by Joyce Kohl
Do you order from catalogs? Or TV specials? Or the Internet? If you do, then are you aware of the shipping and handling costs tacked on to every single order? I’m a catalog junkie, and I’ve been known to order things from the hyped television ads, too. Last night I was watching a great stand-up comedy program on one of our cable channels and at the end of it was a comic commercial for ordering a VCR tape of the best of comic acts. The tape was a mere $14.95. Shipping and handling was $6.50.
Shipping is more than likely under a dollar, and that leaves $5.50 for “handling.” Put another way, the cost of the tape is actually around $20.45. Hmmmm…. I’ll pop a blank tape into my VCR and record the entire act of each comic and my total cost will be under a dollar because I get my VCR tapes in super-duper bundle discounts.
Book Order Discrepancies
I’m also an avid reader and order the books I want to read from sources on the Internet. Naturally I search for the best discounted price. After last night’s enlightenment, I grabbed the last two books I ordered to check the invoice for each of them. Both books were ordered at the same time by adding each title to my shopping cart on the Internet source I selected. They, too, have a hidden cost but refer to it as “P & H” which I assume means “Postage & Handling.”
Both books were the same height and same width. Depth varied only by pages. Book #1 has a total of 397 pages; book #2 has a total of 309 pages. Instead of shipping the books together, the company sent each separately. Naturally the handling costs for the consumer is doubled in this way. However, I believe this particular book company has the books already packaged and ready for popping an address label on them and tossing them into their mail pickup containers. It’s probably a money-saving method for them as well as a way to fool the consumer into thinking s/he is getting a bargain when in reality the cost ends up being almost retail price.
Invoice Information On Each Book
Book #1: Price was $18.60 plus only $.95. Not bad at all, and nothing to complain about. Then Book #2 arrived: Price was $17.50 plus $3.95. Remember that Book #1 contains almost a hundred pages more than Book #2, yet it’s the thinner book which costs more to ship! Now I realize my bargain-priced books were not such bargains after all. I used to belong to a book club. The Member Prices were great, but the shipping and handling pushed the prices up to almost the full retail cost. It’s just as cheap to buy books from Sam’s Club, so I still don’t know why I continue to order from the Internet. Maybe it’s because it’s fun to fill out the order forms?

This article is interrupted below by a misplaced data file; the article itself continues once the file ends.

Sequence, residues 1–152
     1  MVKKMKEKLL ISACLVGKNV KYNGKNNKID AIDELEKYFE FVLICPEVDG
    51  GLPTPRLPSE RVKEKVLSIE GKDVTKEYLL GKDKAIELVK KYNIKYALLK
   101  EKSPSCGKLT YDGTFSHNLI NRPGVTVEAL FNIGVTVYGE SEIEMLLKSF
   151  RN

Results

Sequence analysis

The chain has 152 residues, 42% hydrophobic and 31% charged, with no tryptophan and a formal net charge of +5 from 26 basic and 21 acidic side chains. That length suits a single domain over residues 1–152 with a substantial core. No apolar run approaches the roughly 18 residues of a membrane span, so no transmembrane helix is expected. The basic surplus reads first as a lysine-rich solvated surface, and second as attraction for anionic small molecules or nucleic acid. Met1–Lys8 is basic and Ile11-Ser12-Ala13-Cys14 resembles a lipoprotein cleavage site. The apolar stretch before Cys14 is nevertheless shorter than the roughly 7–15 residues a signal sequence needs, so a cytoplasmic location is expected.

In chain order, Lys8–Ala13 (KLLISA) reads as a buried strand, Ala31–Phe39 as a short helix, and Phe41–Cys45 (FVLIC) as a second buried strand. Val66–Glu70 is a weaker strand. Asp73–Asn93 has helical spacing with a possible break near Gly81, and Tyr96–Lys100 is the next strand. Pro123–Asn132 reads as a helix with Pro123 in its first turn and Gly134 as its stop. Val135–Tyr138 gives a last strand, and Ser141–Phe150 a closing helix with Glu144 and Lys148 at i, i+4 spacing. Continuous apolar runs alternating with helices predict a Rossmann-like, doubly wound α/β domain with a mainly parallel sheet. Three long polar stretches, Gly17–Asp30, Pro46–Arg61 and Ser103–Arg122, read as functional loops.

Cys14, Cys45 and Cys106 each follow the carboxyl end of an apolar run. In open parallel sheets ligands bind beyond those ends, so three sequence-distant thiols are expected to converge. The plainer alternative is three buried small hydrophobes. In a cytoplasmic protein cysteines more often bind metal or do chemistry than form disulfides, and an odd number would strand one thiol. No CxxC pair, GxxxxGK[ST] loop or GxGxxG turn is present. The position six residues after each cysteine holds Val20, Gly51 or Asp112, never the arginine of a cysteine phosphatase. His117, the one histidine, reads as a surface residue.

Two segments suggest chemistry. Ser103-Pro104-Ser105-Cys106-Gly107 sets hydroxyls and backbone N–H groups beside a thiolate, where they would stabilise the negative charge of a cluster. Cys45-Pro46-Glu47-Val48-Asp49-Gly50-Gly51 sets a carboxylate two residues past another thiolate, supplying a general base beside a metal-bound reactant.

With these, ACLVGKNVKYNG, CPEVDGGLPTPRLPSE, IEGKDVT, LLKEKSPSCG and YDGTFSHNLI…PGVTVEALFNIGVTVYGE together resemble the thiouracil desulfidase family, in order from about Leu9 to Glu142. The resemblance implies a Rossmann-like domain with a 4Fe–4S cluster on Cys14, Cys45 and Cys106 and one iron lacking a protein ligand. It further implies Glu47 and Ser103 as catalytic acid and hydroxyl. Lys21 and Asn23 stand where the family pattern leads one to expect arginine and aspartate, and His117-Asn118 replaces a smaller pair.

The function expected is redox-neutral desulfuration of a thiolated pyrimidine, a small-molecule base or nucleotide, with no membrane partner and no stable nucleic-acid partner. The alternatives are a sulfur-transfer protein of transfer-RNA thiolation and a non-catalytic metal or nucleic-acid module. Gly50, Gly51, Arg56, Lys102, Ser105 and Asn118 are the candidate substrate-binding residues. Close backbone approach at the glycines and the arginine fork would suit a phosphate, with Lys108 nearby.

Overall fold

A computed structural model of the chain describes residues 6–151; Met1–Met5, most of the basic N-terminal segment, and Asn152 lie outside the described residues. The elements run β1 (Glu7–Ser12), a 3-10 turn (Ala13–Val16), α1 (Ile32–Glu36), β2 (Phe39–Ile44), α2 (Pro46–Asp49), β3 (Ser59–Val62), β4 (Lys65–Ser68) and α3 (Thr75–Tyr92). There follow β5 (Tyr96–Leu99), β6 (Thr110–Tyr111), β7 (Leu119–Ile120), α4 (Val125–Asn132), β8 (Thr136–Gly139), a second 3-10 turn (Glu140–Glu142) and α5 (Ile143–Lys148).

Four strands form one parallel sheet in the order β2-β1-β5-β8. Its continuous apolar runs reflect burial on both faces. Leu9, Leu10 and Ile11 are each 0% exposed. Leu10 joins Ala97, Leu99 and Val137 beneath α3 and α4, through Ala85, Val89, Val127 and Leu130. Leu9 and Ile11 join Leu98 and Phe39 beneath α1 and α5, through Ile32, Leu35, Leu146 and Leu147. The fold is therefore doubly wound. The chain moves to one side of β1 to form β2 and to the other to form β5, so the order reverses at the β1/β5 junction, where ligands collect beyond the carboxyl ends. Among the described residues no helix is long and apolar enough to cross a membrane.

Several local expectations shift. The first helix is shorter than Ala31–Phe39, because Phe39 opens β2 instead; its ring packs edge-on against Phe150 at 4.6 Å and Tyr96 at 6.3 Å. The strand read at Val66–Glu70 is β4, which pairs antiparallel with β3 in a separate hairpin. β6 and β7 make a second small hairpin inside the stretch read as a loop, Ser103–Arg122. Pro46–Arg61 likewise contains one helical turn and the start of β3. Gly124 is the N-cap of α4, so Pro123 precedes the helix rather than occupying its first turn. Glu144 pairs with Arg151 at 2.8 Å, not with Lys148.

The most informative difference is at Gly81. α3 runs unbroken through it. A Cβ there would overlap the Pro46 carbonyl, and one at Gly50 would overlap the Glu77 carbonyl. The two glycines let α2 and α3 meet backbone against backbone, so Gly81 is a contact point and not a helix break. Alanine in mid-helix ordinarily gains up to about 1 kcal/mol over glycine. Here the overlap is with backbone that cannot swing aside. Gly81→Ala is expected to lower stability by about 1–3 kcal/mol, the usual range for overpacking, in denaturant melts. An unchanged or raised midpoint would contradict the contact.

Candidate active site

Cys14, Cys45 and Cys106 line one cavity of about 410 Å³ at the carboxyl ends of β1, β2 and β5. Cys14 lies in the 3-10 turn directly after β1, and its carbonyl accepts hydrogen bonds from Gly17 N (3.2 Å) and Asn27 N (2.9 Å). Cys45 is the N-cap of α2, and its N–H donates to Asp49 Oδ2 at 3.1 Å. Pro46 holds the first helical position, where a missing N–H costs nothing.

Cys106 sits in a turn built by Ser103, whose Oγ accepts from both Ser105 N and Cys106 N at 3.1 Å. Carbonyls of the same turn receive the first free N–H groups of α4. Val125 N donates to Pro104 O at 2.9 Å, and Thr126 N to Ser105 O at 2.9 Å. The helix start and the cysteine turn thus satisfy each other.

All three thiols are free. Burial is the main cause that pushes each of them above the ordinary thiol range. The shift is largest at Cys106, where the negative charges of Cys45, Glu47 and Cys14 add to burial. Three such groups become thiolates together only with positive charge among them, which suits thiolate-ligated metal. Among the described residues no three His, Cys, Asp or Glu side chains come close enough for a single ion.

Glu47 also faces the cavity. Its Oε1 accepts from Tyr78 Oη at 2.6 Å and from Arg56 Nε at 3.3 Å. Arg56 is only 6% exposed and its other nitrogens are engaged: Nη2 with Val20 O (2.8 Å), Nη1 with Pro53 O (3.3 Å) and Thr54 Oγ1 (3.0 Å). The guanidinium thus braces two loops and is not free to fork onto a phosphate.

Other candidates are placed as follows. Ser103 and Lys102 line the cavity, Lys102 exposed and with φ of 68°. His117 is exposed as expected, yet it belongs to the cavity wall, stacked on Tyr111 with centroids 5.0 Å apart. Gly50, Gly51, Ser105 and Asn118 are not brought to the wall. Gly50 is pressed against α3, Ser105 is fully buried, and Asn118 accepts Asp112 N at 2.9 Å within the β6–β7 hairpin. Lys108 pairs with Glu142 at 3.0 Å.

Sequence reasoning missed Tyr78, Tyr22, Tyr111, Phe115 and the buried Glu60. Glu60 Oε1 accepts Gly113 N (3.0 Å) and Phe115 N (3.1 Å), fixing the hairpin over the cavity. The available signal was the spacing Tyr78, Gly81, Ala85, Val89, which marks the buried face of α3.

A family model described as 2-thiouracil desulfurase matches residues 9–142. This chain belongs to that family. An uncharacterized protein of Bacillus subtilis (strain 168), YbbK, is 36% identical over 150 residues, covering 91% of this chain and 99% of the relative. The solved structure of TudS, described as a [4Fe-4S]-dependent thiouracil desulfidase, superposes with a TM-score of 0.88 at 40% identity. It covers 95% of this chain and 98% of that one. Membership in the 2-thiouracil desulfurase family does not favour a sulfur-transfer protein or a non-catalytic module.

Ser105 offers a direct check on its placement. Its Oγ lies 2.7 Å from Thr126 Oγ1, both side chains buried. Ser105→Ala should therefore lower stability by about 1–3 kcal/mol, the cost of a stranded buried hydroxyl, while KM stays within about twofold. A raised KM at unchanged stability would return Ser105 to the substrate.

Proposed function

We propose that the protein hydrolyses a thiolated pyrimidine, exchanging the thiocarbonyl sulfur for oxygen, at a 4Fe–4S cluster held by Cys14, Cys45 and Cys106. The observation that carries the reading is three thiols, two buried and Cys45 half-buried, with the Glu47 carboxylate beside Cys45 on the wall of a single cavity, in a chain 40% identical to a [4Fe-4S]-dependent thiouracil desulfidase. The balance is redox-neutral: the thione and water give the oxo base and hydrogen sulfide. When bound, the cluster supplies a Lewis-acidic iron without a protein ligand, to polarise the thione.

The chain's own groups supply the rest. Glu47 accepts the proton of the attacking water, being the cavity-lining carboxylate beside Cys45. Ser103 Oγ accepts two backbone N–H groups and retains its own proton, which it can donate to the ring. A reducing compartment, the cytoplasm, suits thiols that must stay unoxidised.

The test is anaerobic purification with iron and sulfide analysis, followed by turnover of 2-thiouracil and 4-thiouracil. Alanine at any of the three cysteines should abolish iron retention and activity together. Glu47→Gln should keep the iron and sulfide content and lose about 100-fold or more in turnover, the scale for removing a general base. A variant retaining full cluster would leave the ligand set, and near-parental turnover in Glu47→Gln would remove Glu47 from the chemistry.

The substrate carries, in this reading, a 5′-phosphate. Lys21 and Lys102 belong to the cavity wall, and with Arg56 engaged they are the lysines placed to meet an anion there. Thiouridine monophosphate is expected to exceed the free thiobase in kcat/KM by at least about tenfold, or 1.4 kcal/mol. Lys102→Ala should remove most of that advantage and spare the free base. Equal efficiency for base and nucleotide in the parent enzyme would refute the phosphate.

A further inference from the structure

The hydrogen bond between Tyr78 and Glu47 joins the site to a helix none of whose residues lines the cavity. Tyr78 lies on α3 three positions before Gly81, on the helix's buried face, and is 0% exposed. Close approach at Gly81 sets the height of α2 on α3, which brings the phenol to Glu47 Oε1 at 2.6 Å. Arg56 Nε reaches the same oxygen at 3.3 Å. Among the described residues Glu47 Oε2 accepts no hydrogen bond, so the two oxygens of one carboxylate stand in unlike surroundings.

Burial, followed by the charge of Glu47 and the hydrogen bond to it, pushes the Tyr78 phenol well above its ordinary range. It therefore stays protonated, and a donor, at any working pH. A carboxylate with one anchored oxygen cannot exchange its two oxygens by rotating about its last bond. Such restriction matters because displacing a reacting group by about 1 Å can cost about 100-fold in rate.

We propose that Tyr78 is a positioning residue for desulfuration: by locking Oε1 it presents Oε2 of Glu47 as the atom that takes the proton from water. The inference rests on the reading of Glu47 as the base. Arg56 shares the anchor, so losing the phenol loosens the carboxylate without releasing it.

Shipping and Handling According to Amount Ordered
How about those dozens of catalogs we all get in the mail weekly? Most of them have these little charts on the order form from which you select the proper fee to be added to your order according to the actual amount of the articles you wish to buy. For example, in a catalog I received yesterday, if I purchase $20.00 or under, I must add shipping and handling of $3.55 to my order. If I want Express Delivery, I must add $6.99. Okay, that’s not bad. In fact it sounds reasonable.
How I Get My Money’s Worth
There’s a Tee I’d like to order for my grandchild which is only $4.99. I don’t want anything else, but being a bit thrifty (actually cheap), I don’t want to pay $3.55 to have it shipped. And I KNOW it doesn’t cost that much to mail a thin size 5 Tee. Since I can order UP TO $20, then I spent the next hour finding other items which would total up to be no more than $19.99. I’ve just done exactly what the company wanted! I’ve ordered more than I wanted to; more than I needed! I can’t count the times I’ve done this. Many, many times I’ve written down an order for maybe $49, and found the shipping and handling would be the same if I ordered $60 worth of merchandise, so of course, I search for more to order. Only a couple of times have I ordered LESS because MORE is always better. Isn’t it?
Buying Software or Hardware
About 85% of the time computer equipment and software is cheaper to buy locally. Even adding on the sales tax is a better bargain than catalog or Internet ordering. Retail stores often run “loss-leaders” or as I like to refer to them, “sucker-bait.” Most of the time I’ll race to the store to purchase the sales item because I’m actually saving anywhere from $5 to $20, but there’s nearly always something else I find which I can’t live without, so in reality, my “bargain” package ends up costing me far more than if I had ordered it by catalog or Internet shopping.
I won’t stop shopping; I won’t stop comparing; I won’t stop complaining. Whether or not I’m a wise shopper remains to be seen, but one thing for sure is that the money I “save” can be applied to new purchases. Right? Ohhhhh…. my email just popped up with a message from one of my favorite software Websites and they have a special offer if I order before May 30. I WILL think before I order, but only in terms of shipping and handling versus what’s offered in our morning paper. Now, where’s my Visa card? I know it’s on my desk because I just used it an hour ago!